God’s Word for You
Acts 27:30-32 Anchors and lies
by Pastor Timothy Smith on Monday, March 8, 2021
30 Now the sailors wanted to escape from the ship. They had lowered the ship’s boat into the sea as if they meant to lay out anchors from the bow, 31 but Paul said to the centurion and the soldiers, “Unless these men stay in the ship, you cannot be saved.” 32 Then the soldiers cut the ropes of the ship’s boat and let her fall away.
By “sailors,” Luke means the ship’s crew and their officers. Anchors could not be lowered at the whim of any sailor. The orders had to come from the Captain or the sailing master, therefore the officers were in on the deception. The ship’s boat, which had been taken in under difficult circumstances while the storm was at its worst (Acts 27:16) was now lowered out again. The sailors’ deception was in saying that it was “to lay out anchors from the bow.” In practical terms, this may have been a good idea and a reasonable course of action. Bow anchors would assist the stern anchors in holding the ship fast once they began to grab on the sandy or rocky bottom. Lowering the ship’s boat was certainly a step in such an evolution, but Paul saw through their deception. In the dark of the night (according to verse 27, it was between midnight and dawn) the passengers would think that the boat was lost in the heaving sea and not realize they had been abandoned.
Paul didn’t bother arguing with the ship’s officers. He went right to the detachment of Roman soldiers and their Centurion to show that all their lives were on the line: “You cannot be saved,” he said, if the sailors leave the ship. It’s significant to note that it was the soldiers who cut away the boat. As always at sea, the boat is described with the feminine “her” in verse 32. Greek has a perfectly acceptable third gender, the neuter, used for many objects (such as a chariot, Genesis 41:43; Acts 8:38, or abstract concepts such as evil and good, 3 John 1:11), but a boat is always “she” and “her.”
When a lie is told that will bring harm to someone, this is a clear violation of the Eighth Commandment, not to bring false testimony against one’s neighbor. There are times when an untruth is meant to instruct (such as in a fable), or to entertain (such as in a dramatic performance or a work of fiction), or is even meant only in play (such as a feint or fake in a sporting event, or when children pretend to do adult things such as in Luke 7:32). None of those breaks the Eighth Commandment. There are also times when a deception is necessary in a war, such as when Gideon gave his soldiers empty jars to smash and confuse the Midianites (Judges 7:16).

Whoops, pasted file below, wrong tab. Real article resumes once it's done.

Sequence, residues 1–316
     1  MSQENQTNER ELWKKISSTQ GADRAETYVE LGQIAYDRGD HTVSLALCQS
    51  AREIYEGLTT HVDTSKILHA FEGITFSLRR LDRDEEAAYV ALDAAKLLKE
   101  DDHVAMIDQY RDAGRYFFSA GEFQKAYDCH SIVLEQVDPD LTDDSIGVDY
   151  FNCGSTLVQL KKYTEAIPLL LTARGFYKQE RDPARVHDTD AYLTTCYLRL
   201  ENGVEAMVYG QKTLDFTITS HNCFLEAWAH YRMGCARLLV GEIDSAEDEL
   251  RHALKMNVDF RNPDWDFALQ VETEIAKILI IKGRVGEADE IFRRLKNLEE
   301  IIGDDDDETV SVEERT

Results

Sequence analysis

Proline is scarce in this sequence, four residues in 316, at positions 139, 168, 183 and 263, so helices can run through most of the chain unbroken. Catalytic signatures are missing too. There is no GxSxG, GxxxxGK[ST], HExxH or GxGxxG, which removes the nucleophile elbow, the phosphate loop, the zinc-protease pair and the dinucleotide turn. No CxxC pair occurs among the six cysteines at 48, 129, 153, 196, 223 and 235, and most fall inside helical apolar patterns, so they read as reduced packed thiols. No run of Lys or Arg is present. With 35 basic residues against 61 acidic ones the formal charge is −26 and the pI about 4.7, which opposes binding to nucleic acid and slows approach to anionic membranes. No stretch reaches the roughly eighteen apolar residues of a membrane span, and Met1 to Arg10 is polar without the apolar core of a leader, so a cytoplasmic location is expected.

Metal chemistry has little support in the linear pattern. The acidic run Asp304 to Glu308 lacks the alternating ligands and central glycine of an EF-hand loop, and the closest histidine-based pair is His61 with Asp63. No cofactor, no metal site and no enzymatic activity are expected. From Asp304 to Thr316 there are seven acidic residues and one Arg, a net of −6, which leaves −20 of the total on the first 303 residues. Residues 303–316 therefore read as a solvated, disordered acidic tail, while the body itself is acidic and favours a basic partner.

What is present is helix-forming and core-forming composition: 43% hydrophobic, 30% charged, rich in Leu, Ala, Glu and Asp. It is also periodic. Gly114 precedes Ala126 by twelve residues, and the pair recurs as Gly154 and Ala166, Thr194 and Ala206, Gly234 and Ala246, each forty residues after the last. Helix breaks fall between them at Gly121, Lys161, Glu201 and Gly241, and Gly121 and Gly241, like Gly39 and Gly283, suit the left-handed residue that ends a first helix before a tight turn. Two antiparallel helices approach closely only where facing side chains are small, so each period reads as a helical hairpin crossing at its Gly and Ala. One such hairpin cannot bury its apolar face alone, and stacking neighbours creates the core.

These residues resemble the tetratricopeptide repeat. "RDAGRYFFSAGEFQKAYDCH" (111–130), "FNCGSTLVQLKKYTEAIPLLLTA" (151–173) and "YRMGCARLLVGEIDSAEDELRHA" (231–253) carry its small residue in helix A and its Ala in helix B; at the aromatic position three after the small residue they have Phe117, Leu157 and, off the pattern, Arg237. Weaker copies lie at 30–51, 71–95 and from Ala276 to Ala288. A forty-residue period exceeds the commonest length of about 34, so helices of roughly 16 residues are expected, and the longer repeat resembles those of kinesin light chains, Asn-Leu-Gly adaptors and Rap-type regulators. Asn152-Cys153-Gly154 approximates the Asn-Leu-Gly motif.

Moses commands: “Do not lie. Do not deceive one another” (Leviticus 19:11). At the heart of this is not to speak evil against someone (Psalm 109:20, 139:20). We especially remember that we should help our neighbor maintain his rights, whether this is in court or not. This comes first because in the second table of the Law we are mostly concerned with loving our neighbor. Yet we should also apply this to spiritual matters, and hold preachers accountable when they speak falsely about God’s word and God’s will (which also violates the first three commandments). Thirdly, the Bible forbids lying, all “sins of the tongue,” when this will injure, hurt or offend our neighbor. This includes gossiping and any form of exposing the secrets a neighbor might have which do not need to become public. Luther warns: We should note that nobody has the right to judge and reprove his neighbor publicly, even when he has seen a sin committed, unless he has been authorized to judge and reprove. There is a great difference between judging sin and having knowledge of sin. Knowledge of sin does not entail the right to judge it. I may see and hear that my neighbor sins, but to make him the talk of the town is not my business. If I interfere and pass sentence on him, I fall into a greater sin than his” (Large Catechism, Eighth Commandment, par. 265-266).
Paul exposed the deception of the sailors because everyone’s life was in peril. He saved their lives by speaking up, which we do when we expose a false teaching. We recognize false teaching by reading and remaining in the Word of God. We compare what is said with what is written, like the Bereans (Acts 17:11) who loved the Word of God and lived by it. “I have put my trust in you. Show me the way I should go” (Psalm 143:8). God’s Word is always true. You trust in your Savior for forgiveness and eternal life, trust the Holy Spirit to guide you with godly living, too.
Pastor Timothy Smith